County recycling manager on a mission to reduce waste

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Pictured: Gila County Recycling and Landfill Manager stands next to a pile of bicycles, some of which will be part of a yearly bicycle giveaway.

Sharon Winters, the manager of the landfill and recycling part of Gila County Public Works, would like to put the bins back in the places around Globe to accept plastic beverage bottles. The landfill does get clean plastic from business and mine operations, but she said that some people “think that they can save their $7.50 and put garbage in our bins.”

This is doubly bad, she says, since really foul garbage can contaminate a whole bin, wasting the money bulking up the landfill. Winters will keep a bin for clean plastic bottles at the entrance of the landfill. As to what kind of plastic bottles, the landfill wants “plastic bottles you can drink out of.” Nothing that has held soap or cleaners.

In a mini tour, Winters showed the bins for paper and cardboard and the bins for plastic bottles which are emptied into compactors, for paper and plastic. They are crushed into three tons of plastic and seven or eight tons of paper and cardboard for transport to companies in the Valley. In the 11 months of this fiscal year, the landfill will have recycled 202 tons of paper and 11.03 tons of plastic.

Winters pointed out a large pile of metal stuff, old washing machines, pipes, water mains and even office chairs, which is what pays for the Christmas Bike Giveaway. But the large pile of tires at the next shop she said was almost no use at all. The environmental fee paid to tire shops goes to the state that doles it out to the counties, rural counties least.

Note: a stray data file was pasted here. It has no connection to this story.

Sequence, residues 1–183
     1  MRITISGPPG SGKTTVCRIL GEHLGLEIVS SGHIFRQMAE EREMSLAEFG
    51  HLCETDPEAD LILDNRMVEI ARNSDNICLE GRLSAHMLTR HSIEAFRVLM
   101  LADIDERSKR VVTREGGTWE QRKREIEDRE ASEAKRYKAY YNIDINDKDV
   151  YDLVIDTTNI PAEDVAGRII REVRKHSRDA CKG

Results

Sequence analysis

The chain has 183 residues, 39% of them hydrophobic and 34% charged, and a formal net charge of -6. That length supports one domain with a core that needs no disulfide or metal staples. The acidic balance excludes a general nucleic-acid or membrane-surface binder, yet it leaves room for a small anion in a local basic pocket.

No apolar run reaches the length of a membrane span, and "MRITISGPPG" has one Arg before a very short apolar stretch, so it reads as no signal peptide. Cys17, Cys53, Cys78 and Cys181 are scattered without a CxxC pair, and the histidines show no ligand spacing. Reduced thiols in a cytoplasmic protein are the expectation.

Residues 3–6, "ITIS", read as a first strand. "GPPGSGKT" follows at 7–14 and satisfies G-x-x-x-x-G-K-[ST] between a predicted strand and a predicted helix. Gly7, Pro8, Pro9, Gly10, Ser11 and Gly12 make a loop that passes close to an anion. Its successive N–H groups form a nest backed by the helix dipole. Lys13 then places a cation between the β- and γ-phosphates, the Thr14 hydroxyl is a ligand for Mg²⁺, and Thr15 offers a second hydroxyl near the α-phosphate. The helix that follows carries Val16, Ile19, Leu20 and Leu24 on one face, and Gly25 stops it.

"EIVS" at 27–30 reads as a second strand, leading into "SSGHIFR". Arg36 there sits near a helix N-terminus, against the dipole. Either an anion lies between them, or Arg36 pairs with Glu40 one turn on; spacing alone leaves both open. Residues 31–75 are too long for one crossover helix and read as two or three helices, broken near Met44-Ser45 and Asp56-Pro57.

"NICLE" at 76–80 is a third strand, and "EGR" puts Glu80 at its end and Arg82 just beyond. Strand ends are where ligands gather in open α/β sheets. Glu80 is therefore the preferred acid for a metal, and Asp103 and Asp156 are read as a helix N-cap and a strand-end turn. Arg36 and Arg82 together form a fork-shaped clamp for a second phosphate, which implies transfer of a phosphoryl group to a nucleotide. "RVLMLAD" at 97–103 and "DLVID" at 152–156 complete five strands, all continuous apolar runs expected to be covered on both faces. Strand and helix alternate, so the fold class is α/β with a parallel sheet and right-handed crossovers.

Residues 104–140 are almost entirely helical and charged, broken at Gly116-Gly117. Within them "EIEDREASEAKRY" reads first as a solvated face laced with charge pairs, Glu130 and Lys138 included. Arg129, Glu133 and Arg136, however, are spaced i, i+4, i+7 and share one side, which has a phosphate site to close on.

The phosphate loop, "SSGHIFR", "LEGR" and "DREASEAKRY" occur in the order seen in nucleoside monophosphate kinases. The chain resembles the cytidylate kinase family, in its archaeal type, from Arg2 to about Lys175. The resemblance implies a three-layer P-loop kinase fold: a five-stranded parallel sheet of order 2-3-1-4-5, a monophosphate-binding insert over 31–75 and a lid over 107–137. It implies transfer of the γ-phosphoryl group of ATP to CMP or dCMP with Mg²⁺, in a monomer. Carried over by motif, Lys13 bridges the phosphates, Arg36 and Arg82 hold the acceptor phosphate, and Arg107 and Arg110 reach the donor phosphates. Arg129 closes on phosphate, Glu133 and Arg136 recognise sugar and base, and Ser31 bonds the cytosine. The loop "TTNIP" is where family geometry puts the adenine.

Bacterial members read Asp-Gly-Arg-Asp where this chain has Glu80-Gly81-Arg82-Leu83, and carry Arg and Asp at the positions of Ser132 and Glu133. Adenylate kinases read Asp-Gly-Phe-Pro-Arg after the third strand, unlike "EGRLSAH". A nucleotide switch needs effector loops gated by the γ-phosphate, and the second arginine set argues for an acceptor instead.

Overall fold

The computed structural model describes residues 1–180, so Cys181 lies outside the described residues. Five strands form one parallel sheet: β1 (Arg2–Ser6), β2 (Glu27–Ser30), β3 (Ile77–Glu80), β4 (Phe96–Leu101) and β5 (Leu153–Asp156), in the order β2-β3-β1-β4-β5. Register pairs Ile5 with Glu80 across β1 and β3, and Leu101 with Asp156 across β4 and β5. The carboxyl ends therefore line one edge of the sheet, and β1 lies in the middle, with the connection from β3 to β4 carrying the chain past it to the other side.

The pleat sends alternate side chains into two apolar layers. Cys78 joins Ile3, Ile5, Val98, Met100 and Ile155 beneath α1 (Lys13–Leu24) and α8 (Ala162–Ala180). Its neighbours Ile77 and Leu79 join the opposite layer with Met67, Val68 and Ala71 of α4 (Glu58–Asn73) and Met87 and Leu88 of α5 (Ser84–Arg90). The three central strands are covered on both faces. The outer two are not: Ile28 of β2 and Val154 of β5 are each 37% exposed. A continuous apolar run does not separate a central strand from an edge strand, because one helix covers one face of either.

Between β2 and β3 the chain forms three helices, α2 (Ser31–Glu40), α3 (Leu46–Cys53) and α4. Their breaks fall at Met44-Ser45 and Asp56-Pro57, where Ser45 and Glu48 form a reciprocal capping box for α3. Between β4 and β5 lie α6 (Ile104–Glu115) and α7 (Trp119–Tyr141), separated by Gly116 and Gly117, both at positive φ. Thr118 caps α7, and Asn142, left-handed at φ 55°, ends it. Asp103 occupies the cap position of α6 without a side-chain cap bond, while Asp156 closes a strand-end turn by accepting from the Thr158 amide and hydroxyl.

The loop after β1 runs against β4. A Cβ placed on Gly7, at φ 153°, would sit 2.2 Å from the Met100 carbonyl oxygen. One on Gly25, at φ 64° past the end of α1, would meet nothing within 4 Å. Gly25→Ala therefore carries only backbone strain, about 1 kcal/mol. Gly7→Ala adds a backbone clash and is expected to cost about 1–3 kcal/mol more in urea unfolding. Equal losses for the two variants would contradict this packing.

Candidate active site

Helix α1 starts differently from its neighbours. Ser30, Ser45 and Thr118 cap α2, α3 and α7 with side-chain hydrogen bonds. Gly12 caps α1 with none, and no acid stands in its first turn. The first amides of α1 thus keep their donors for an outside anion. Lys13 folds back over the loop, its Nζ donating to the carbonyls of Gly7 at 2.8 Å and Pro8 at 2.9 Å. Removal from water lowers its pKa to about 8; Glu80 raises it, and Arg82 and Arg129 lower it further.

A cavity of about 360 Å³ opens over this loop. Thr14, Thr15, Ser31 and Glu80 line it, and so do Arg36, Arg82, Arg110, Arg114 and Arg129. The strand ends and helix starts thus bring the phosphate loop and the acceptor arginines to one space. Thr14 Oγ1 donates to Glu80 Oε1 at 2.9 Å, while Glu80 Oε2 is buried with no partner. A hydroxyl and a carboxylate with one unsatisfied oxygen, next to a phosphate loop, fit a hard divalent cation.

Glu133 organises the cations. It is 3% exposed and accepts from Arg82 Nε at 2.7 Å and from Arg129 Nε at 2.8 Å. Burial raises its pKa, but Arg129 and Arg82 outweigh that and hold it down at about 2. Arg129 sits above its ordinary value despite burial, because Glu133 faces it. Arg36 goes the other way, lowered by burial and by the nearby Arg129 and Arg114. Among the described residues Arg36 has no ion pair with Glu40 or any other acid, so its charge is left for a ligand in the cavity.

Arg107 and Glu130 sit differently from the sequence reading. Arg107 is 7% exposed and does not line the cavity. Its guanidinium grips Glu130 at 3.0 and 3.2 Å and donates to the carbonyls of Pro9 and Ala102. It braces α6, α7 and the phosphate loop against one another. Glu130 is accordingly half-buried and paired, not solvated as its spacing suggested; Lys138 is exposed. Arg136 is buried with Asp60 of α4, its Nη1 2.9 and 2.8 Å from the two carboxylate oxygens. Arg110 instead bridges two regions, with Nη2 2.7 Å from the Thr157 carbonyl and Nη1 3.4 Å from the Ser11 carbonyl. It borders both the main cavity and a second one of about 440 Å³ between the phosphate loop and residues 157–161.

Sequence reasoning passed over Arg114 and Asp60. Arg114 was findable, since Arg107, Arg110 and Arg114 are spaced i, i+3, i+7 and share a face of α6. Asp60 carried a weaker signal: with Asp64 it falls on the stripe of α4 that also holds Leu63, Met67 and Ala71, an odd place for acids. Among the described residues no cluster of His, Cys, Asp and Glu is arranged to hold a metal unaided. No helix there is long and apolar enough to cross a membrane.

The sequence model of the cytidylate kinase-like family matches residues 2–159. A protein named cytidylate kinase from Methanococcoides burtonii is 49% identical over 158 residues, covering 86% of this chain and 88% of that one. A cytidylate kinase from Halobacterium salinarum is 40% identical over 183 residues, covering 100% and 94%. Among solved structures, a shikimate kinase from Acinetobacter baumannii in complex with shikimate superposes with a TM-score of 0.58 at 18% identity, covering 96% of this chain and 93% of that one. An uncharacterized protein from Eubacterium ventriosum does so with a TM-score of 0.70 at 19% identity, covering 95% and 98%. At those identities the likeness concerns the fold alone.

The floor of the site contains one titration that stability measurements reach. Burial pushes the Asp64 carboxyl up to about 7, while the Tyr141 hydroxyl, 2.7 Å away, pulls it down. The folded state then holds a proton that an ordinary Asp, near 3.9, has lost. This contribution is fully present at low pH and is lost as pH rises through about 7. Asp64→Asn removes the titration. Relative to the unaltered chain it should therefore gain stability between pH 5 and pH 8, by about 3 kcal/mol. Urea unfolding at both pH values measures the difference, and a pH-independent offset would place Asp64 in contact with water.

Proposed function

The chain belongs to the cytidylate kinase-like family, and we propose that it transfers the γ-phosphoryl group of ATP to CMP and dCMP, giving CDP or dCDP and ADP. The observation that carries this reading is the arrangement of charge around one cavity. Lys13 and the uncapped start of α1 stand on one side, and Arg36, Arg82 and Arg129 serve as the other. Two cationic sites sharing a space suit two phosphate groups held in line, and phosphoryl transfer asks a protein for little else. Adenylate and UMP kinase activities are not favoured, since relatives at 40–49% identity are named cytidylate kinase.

She expects her mountains, “the carefully constructed and monitored layer cakes of soil and garbage,” to be in service for 30 years or more, although expansion will ultimately cause the landfill offices to have to move as the very ground they are built on is incorporated into the landfill.

Winters pointed out the landfill employees and county jail inmates in the background “picking paper” to keep things from blowing from the flanks of a “mountain” in progress. Pointing at the tallest one she said “this particular mountain over here is full of garbage and closed off. We are going to finish it off and reseed it.” She expects the finished product to look as good as the finished off tailings piles also decorating Globe-Miami.

She showed off the bikes, so far reconstructed from the spaghetti pile of bikes being parted out. Wonderful gifts for even the smallest kids in need. These are created by jail inmates, who are proud to contribute to the happiness of local children.

But what she would like people to know and to teach everyone is that people should use one of the most cheap and convenient landfills in the country rather than forcing the removal of the plastic bottle recycle bins.

Schools and many businesses as well as individuals contribute clean recycle to the county, but as long as the plastic bins are being contaminated Winters is stymied and will have to keep only one plastic recycle bin under her eye at the landfill.

Remember, she says, recycle has to be hand sorted by people.


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